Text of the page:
Reviews

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Classically trained DJ and Producer Douglas Appling, better known as Emancipator played a cleansing set to a sold-out house at San Francisco’s Great American Music Hall that was nothing short of hypnotizing. His music, if not genuinely describable as trance, was certainly trance-esque, and highlighted electronic music’s evolution and maturity in recent years.

On Wednesday night, Trey Anastasio brought his newest side project, Ghosts of the Forest, to the Orpheum Theatre in Boston. Promoting the band's self-titled album that would be released two days later, Anastasio performed 21 songs, most of them written after the passing of his dear friend Chris "CCott" Cottrell, who had passed away from cancer prior to the songs being written.

When time and tour schedules allow, members of the Green Leaf Rustlers, an amalgamation of members of several current successful bands, present a stimulating array of classic adaptations of American Country Roots & Blues, including the Bakersfield Sound. Such was the case on March 28 at Sacramento’s enduring rock club, Harlow’s, where the band finished up a tidy 10-date California tour before heading to Alaska for a triad of early April shows.

Last week, the musical world witnessed the extraordinary live debut of The Allman Betts Band, the legendary-in-the-making collaborative project between Devon Allman (son of the late great Gregg) and Duane Betts (son of the still rocking Dickey). The duo’s new rock outfit also includes Barry Oakley Jr., son of the late Allman Brothers’ bassist, along with keyboardist John Ginty, drummers John Lum and R. Scott Bryan, and slide guitarist John Statchela.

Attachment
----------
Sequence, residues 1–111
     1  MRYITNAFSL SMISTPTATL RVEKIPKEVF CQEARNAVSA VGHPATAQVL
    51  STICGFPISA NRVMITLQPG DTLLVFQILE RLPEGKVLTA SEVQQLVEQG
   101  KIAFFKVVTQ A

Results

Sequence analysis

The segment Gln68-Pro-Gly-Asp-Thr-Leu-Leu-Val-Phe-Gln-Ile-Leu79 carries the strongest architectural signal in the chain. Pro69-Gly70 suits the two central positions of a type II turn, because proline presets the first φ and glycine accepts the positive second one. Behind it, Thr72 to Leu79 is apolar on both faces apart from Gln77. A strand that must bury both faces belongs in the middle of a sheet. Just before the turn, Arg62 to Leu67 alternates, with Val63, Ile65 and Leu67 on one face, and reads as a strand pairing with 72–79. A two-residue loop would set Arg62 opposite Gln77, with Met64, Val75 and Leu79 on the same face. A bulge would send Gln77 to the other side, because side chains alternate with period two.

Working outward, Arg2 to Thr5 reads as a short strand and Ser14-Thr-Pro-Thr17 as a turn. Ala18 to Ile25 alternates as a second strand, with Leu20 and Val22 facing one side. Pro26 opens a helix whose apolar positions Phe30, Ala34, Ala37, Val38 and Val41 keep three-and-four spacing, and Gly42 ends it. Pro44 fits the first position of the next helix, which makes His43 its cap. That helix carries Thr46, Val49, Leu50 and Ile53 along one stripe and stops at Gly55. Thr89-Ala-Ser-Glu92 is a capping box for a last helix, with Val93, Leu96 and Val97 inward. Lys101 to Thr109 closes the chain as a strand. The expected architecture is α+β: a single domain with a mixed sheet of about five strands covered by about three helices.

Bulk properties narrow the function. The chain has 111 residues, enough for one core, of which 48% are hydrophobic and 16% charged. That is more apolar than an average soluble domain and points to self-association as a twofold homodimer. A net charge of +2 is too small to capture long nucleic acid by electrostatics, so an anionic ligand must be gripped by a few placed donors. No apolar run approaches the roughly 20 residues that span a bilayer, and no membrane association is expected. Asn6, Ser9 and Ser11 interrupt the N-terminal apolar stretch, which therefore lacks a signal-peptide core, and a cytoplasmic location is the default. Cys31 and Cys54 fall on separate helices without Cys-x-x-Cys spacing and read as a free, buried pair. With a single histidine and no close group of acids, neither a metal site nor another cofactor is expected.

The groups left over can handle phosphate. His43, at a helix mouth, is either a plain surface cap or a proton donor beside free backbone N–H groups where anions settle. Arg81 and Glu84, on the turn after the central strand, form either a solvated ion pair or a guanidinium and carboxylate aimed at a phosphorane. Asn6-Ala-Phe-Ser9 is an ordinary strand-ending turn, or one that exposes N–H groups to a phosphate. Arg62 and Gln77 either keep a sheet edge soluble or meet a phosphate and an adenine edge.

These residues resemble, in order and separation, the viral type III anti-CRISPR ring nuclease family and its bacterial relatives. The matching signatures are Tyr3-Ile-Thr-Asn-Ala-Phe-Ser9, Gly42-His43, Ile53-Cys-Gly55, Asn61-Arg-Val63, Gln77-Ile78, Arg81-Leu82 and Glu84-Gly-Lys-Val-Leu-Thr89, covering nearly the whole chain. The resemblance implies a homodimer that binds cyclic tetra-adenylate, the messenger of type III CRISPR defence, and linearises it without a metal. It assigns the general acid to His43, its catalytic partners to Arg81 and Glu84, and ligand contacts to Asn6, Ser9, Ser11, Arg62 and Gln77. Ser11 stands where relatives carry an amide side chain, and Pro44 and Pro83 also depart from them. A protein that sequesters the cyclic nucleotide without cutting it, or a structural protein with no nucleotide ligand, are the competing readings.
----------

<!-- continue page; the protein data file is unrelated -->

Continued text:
There is something about getting ready to go to a show in Vegas. The whole day is magical. Getting ready in your hotel room with your sweetheart with March Madness surrounding the weekend and getting in the cab with the permanent Vegas hangover is just about as alive as it gets. Daryl Hall and John Oates performed a three-night residency at The Colosseum at Caesars Palace. It was their first time there in five years.

March 29th, on a drizzly spring evening in Chicago, Trevor Hall and Dirtwire performed at Concord Music Hall to an all-ages show. The show collided two tribal influenced acts into one wholesome performance that nourished the crowd. After treating audiences of this tour to their new single “Strength in One”, the track is now out available for all to hear.  

Dylan Jakobsen is a bit different from your stereotypical country singer and songwriter. He’s not from the south, didn’t grow up on a farm, doesn’t drink… Yet he’s certainly worthy of a spot-on country music’s mainstage. With his album, I Am, he paints a picture of his journey as an artist - incredibly well, I might add. Not only did Jakobsen write every song and play all the instruments on this album, he also produced it in his own home studio. His talent, across the board, is undeniable. So, buckle up: Jakobsen's album does not disappoint.

In their twenty-third as a touring and recording band, roots rock leaders O.A.R., or Of A Revolution, have released their ninth studio album today, called The Mighty. The record, released via RED Music, commemorated the occasion with an exclusive album release party at Sony Square in the lower east side of Manhattan. 

Arlo Guthrie returned to Santa Barbara’s historic Lobero Theater to play a sold-out concert on Tuesday, March 19th. The iconic singer-songwriter, most famous for his anti-war protest anthem, Alice’s Restaurant, celebrated that song’s 50th anniversary two years ago, with a concert that was one of many that he has played at the Lobero. This year’s concert celebrated the 50th Anniversary of Alice’s Restaurant movie and featured three distinctive sets of music.

“This is my first time here…You know, I think I like the sound of this room.” So spoke the one and only Del McCoury at Tarrytown Music Hall this past Saturday night, towards the beginning of his performance with master mandolinist David Grisman. Moments after this quote, McCoury and the Tarrytown audience sang “Happy Birthday” to Grisman, who on this night turned seventy-four years.

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